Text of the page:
Graduation Year


Document Type




Degree Name

Doctor of Philosophy (Ph.D.)

Degree Granting Department

Business Administration

Major Professor

Dahlia Robinson, Ph.D.

Committee Member

Carlos Jimenez-Angueira, Ph.D.

Committee Member

Tom Smith, Ph.D.

Committee Member

Ninon Sutton, Ph.D.


Brokerage Merger/Closure, Information Asymmetry, Auditor Effort, Financial Reporting Quality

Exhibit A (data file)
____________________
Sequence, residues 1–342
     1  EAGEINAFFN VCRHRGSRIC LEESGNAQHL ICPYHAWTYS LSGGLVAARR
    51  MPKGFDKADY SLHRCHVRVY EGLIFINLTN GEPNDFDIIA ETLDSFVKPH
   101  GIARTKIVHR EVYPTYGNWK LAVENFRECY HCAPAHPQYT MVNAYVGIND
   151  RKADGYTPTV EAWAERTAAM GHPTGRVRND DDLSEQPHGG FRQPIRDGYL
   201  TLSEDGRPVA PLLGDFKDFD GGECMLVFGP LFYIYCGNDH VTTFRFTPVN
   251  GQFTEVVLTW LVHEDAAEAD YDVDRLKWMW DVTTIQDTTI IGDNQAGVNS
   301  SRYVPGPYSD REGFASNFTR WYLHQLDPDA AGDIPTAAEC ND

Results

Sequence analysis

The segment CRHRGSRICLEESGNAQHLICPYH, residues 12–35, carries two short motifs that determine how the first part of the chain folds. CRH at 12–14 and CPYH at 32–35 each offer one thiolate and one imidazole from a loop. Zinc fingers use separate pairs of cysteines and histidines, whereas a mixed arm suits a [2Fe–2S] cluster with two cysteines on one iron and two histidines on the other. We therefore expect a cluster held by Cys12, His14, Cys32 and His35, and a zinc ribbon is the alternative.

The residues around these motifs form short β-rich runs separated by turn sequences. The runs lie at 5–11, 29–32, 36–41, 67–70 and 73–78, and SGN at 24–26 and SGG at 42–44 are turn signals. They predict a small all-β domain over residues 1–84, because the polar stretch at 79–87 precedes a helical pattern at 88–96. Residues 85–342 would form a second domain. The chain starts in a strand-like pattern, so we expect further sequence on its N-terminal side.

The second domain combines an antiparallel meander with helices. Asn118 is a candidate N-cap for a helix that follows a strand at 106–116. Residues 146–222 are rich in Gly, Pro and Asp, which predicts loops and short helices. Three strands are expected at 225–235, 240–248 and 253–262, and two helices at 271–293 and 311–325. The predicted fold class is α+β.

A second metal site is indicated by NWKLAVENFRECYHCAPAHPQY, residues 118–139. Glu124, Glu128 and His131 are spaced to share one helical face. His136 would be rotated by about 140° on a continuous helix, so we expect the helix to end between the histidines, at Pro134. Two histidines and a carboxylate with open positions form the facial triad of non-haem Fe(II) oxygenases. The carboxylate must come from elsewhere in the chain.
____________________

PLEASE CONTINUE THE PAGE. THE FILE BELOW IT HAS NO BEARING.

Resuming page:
Prior research has established that analysts serve as an important monitor of managementand improve the quality of firms’ financial reporting. In this study, I utilize the natural experiment resulting from the mergers and closures of brokerage houses, to examine whether this exogenous change in firms’ information environment impacts the audit process. Specifically, I examine whether reductions in analyst coverage have an effect on auditor effort proxied by audit fees and audit report lag, as well as financial reporting quality, measured by future restatements. I find that client firms pay significantly higher audit fees following an exogenous reduction in analyst coverage but do not experience delays in issuance of audit reports, suggesting that the increase in auditor effort does not compromise audit report timeliness. On average, losing coverage from one analyst translates into a 5.2% increase in audit fees. In the high information asymmetry sample (i.e., firms in the lowest analyst coverage tercile), losing coverage from one analyst translates into a 7.8% increase in audit fees. Further, client firms are more likely to restate their financial statement following a decrease in analyst coverage, which is consistent with prior research findings that firms financial reporting quality deteriorate following a decrease in analyst coverage. Collectively, these results suggest that auditors respond quickly to changes in clients’ information environment.

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